Outlandish films breed silly merchandise triggering oddball lawsuits like one filed on Wednesday over the special-edition Blu-ray/DVD of Seth MacFarlane’s talking bear romp Ted, which is said to come with a talking bottle opener.
In California federal court, Michael Cram claims ownership of “talking” bottle openers and “talking” beer mugs, which he says have been uber-successful in the marketplace. Doing business as Pacific Productions, Cram says he has licensing deals with more than 61 NCAA schools, Major League Baseball, NASCAR, the National Football League, and movie and television studios. What’s more, Cram says he and his product were featured in Ingenious, a biographical film starring Jeremy Renner.
A California appeals court sees no evidence that Courtney Love‘s fame is on par with Marlon Brando‘s. As a result, the rock star will continue fighting a lawsuit from a fashion designer who claims being defamed by Love on social media and Howard Stern‘s radio show.
Dawn Simorangkir, a.k.a. the “Boudoir Queen,” is the plaintiff, fighting Love on-and-off-and-on for the last six years.
In one of the first so-called “Twibel” cases, Simorangkir sued Love for telling about 40,000 followers how the designer was a drug-pushing, thieving prostitute with a history of assault and battery. The case settled for $430,000. But the battle
In Selma, Ava DuVernay‘s Oscar-nominated film , Martin Luther King Jr. led thousands in a historic march for civil rights.
It obviously took a feat of casting to round-up those extras. The responsibility for doing this fell to Cynthia Stillwell.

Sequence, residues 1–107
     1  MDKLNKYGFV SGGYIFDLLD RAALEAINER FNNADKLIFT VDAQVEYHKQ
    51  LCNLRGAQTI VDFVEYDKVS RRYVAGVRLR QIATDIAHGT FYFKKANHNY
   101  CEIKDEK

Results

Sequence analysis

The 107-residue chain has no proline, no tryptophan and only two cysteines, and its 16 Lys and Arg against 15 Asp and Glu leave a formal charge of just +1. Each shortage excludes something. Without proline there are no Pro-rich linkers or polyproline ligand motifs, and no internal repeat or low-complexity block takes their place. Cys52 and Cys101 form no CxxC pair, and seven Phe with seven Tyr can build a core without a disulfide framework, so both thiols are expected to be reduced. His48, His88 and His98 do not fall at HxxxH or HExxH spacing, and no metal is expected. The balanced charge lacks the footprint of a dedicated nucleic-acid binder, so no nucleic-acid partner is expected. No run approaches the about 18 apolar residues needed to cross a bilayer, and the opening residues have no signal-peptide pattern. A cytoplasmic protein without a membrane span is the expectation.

Selma Productions and Stillwell Promotions are presently in court defending a lawsuit from Curtis Drafton, a casting assistant who claims violations under the Fair Labor Standards Act for unpaid minimum wages and overtime compensation. He’s also demanded liquidated damages and says that Stillwell retaliated against him upon filing the lawsuit. Drafton says he was advised he’d be getting paid $150 for every day he worked between March and June
Walmart has settled a lawsuit brought by the EEOC on behalf of David Moorman, a former manager at a Walmart store in Keller, Texas. The suit alleged age and disability discrimination in violation of the Age Discrimination in Employment Act (ADEA) and the Americans with Disabilities Act (ADA).
According to Moorman’s claims, his direct supervisors frequently called him “old man” and “old food guy”. After he was diagnosed with diabetes, he requested reassignment from a manager position to an assistant manager position. Moorman alleged that Walmart refused to consider his request for a reasonable accommodation and eventually fired him.
With disability and age discrimination claims on the rise, here are
While some possession and private consumption of marijuana is now permitted in the capital, D.C.’s pot scene won’t immediately resemble that of Colorado or Washington state.
Here’s a look at where the District’s statute stands now, and the possible hang-ups moving forward: